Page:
Better Digital 2

The second instalment of a short series of tips on digital images – see also Better Digital 1

Image size and Resolution

Image size is measured in pixels. When supplying images you will seldom if ever be told what size is needed. A rough guide:

· Full page 3000×2000 px or larger
· Half page 2400x1800px or larger
· Quarter page 1800x1200px or larger

Always set the resolution of images at 300 dpi unless specifically asked to use another figure. Most editors etc have no idea what resolution means, and few seem to know it can readily be changed. Much of the confusion comes about because in Photoshop the ‘Image Size’ dialogue box can be used to do two rather different things. It can change the image resolution and it can ‘resample’ your images. Resampling alters the number of pixels in the image, making it larger or smaller (with photographs you will always want to use either ‘bicubic’ or ‘smooth bicubic’ resampling in Photoshop, although other software offers algorithms that may at times give better results.)

Changing resolution doesn’t actually alter your images, but simply changes a few bytes in the file that contain the resolution figure, which is an instruction to the output device about how to work out the size to make a print. Make sure you un-check the resample box in Photoshop when changing resolution – or you will also resample and thus alter your image size.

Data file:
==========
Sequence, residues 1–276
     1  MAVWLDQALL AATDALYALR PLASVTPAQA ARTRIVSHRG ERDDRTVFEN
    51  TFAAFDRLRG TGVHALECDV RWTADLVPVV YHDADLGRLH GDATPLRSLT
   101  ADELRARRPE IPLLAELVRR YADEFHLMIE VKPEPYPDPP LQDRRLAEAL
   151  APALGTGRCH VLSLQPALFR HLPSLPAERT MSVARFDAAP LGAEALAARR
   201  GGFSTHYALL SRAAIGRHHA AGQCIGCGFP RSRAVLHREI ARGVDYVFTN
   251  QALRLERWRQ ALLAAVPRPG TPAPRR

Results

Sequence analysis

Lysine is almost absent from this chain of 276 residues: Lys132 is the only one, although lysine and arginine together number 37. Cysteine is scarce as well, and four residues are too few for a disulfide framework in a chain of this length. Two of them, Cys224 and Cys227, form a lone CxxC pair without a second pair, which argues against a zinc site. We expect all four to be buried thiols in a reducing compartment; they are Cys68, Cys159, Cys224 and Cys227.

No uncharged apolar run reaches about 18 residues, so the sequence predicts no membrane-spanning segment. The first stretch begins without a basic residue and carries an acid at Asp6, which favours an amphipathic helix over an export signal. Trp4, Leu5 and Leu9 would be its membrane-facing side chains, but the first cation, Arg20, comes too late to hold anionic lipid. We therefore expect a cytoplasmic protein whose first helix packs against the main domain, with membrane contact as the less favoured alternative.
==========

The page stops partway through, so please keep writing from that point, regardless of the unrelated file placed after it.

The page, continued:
Various programs claim to work magic when resizing your images, and over the years I’ve tested and reviewed most of them, usually getting a free copy. My conclusion was that for any normal purposes you don’t need them, but that some, particularly SizeFixer will give a better result if you need to blow up a small image for a giant print – and have a very long time to wait for the result.

Image Quality and Format

Unless specifically asked for TIFF files you can supply JPEG. If awkward customers particularly want TIFFs you will find no problem in converting high quality jpegs to tiff format in Photoshop and sending these!

For supply on CD I would normally use Jpeg quality 11 in Photoshop or 92% in Lightroom
For e-mail, I cut down the file size depending on the page size requested as above and supply at quality 9 or 10.

TIFFs should be supplied uncompressed, in PC byte order. All files should have the appropriate colour profile, sRGB or Adobe RGB, embedded in the file.

Sharpening
Images for reproduction should normally be supplied unsharpened, or only with very slight sharpening (use ‘unsharp mask’ or ‘smart sharpening’ or a specialised sharpening plug-in – my favourite is Focalblade. In Lightroom I always apply ) There should be no visible sharpening artefacts.

You should leave it to the printer (or whoever is preparing work for the press) to apply appropriate sharpening for the printer and output size.

If supplying images for presentations or web use, sharpen these appropriately for use on screen. Again there should be no visible artefacts.